U.S. investors who own shares in Russian oil companies could suffer if threatened American attacks on Iraq disrupt billions of dollars in oil exports, analysts said Wednesday.
Russian companies control the lion's share of the crude shipped from Iraq under the United Nations' oil-for-food program. As of November, Zarubezhneft, Rosneft, Lukoil, Alfa-Eko, Nafta-Moskva, MES, Mashinoimport, SIDANKO, Tatneft and ONAKO had purchased a total of 38.75 million barrels of oil from SOMO, the Iraqi oil trading company, under the U.N. agreement that allows Baghdad to export $2 billion in oil every six months.
Several of those companies, Lukoil in particular, have become the darlings of Western investors seeking big returns in Russia's high-flying stock market. Lukoil is one of the top five most widely held stock traded on Moscow's RTS blue-chip exchange.
"There are strong profits to be had in the Russian energy sector. It's one that I'm encouraging investors to get into," said Richard Hisey, the managing director in the New York office of the Lexington Troika Dialog Russian investment fund.
Russian oil companies have turned to Iraq for imports after losing their dominance in the Caspian Sea region to Western companies like Chevron, Texaco and Mobil, who have bid billions for Caspian contracts.
"We missed our chances in the Caspian, a lot of chances," former Russian Minister of Fuel and Energy Pyotr Rodionov said last year. "Maybe after all of Iraq's oil reserves are explored and proven, it will become more of a world leader" in oil exports, he said.
Energy analysts doubt that outcome, but say investment can only help the long-term outlook for the Russian companies, provided Iraq's oil-producing capacity isn't damaged.
"Iraq doesn't have the capacity to export more than the 700,000 barrels per day" that it averaged last year under the U.N. program, Julia Nanay, the director of the Washington-based Petroleum Finance Corp., said. "It needs a lot of capital improvement to get its oil out. Right now, Russia and France are the companies that look willing to help with that."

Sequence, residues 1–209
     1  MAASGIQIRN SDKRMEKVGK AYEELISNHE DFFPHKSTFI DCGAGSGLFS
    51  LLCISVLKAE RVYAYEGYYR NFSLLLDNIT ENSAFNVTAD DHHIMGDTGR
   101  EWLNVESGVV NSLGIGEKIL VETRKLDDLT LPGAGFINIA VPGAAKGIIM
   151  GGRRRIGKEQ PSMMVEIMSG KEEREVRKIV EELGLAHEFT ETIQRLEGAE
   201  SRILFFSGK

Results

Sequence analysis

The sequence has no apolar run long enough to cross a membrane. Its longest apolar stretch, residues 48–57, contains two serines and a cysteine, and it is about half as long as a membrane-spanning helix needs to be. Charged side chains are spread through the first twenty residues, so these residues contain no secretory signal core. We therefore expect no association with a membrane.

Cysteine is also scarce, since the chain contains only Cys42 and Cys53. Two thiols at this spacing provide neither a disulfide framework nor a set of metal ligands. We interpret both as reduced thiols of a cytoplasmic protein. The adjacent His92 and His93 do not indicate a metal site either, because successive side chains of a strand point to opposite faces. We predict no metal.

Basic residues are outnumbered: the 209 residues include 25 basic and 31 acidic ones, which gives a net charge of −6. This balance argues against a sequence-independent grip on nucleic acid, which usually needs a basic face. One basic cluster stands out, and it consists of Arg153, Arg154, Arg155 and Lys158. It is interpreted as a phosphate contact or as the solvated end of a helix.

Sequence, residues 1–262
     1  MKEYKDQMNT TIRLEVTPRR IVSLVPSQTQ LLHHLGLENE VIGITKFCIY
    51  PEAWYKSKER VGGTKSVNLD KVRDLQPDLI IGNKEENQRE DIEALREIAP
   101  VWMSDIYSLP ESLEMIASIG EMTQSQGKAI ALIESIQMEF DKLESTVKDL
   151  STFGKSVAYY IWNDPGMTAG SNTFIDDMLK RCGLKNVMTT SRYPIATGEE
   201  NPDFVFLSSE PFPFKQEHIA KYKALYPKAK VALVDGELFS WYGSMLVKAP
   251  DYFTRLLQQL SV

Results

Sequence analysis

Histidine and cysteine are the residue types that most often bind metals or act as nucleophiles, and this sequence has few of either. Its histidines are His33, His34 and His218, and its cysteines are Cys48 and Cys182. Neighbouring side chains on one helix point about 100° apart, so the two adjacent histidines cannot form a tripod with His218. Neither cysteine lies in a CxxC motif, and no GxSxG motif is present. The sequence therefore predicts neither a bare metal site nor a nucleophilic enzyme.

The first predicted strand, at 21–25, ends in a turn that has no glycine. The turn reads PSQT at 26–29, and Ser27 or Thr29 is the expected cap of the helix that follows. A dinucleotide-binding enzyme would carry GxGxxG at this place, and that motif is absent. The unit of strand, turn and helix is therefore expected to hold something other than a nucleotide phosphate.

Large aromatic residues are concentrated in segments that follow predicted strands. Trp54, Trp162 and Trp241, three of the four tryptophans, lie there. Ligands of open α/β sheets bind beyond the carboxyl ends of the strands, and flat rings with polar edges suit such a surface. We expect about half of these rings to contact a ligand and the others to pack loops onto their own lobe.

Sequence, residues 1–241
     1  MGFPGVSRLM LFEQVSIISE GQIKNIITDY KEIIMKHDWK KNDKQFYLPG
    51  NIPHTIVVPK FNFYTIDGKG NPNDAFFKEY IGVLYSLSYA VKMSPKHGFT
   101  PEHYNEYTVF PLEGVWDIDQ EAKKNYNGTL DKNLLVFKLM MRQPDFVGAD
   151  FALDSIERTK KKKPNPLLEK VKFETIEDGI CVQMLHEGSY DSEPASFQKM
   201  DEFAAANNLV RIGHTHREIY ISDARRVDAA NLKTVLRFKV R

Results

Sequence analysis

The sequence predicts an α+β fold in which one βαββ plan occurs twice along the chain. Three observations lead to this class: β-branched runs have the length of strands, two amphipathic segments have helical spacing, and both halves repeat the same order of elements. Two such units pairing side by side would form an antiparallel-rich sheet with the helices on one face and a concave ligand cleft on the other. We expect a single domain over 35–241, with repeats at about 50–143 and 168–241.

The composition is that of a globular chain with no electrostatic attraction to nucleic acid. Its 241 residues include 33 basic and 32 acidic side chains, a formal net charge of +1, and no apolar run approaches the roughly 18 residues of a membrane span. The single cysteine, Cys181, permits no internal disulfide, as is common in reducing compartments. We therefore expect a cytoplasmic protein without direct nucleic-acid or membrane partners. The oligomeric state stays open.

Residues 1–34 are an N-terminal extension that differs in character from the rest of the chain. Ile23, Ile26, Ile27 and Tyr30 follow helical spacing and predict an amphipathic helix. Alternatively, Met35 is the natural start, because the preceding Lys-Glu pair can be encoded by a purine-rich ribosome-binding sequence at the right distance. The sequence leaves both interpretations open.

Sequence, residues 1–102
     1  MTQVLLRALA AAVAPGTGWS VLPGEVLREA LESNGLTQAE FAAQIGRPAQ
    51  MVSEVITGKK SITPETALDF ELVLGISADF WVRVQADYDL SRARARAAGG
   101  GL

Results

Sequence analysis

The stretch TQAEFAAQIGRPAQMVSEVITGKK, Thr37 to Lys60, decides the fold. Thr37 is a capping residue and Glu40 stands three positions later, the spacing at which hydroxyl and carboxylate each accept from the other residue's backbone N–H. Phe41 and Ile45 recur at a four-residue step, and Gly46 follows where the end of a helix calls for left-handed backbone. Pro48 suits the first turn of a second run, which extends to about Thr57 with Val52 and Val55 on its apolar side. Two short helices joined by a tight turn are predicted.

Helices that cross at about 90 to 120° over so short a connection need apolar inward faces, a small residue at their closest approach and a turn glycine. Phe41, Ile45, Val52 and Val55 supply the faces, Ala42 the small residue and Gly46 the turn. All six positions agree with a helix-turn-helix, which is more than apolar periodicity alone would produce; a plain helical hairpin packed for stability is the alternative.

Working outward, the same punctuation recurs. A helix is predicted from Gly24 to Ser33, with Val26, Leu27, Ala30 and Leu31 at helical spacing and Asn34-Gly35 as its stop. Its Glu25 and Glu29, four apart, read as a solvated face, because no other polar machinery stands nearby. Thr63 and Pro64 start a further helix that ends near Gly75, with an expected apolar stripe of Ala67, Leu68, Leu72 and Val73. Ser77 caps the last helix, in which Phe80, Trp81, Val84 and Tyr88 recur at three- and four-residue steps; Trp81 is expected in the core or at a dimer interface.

Separately, the cash-strapped Russian government is anxious to continue the trade to help recoup some of the $8 billion in Soviet-era debt owed by Baghdad. The most direct way for Moscow to recover what is owed it by Iraq is through hard-currency exports like oil. The U.N. sanctions limited Baghdad's oil production and sales, sharply curtailing Russian prospects to collect the debt.
The Kremlin has been waging a intensive diplomatic campaign to end the standoff with Iraq. "It is obvious that a strike against Iraq will put off indefinitely the question of lifting economic sanctions, something that is extremely against the interests of Russian oil companies," Russian political analyst Yelena Suponina said.
In March 1997, Russia and Iraq signed a 23-year deal to develop the estimated 7 to 8 billon barrels of oil reserves in southern Iraq's Qurana oil field. The exploration and pumping are expected to begin once U.N. sanctions are lifted. Iraqi officials have said the deal would give Baghdad $70 billion in revenue.
Lukoil, Russia's second-largest oil company, has a majority 52.5 percent stake in the Qurana field, Iraq has a 25 percent interest, and two other Russian oil companies, Zarubezhneft and Mashinoimport, split the rest. Qurana envisaged first stage capital expenditure of $4 billion and output of 660,000 barrels per day.
The visible presence of Russian oil companies in Iraq is a risky, but potentially profitable venture, analysts said. "By building relationships now, the Russians are looking to secure a foothold in the country," said Nanay. "This makes good business sense."
Added Hisey: "As long as cruise missiles don't target oil (facilities) than the long-term outlook is good."
By Misha Mayorov & Margaret Coker
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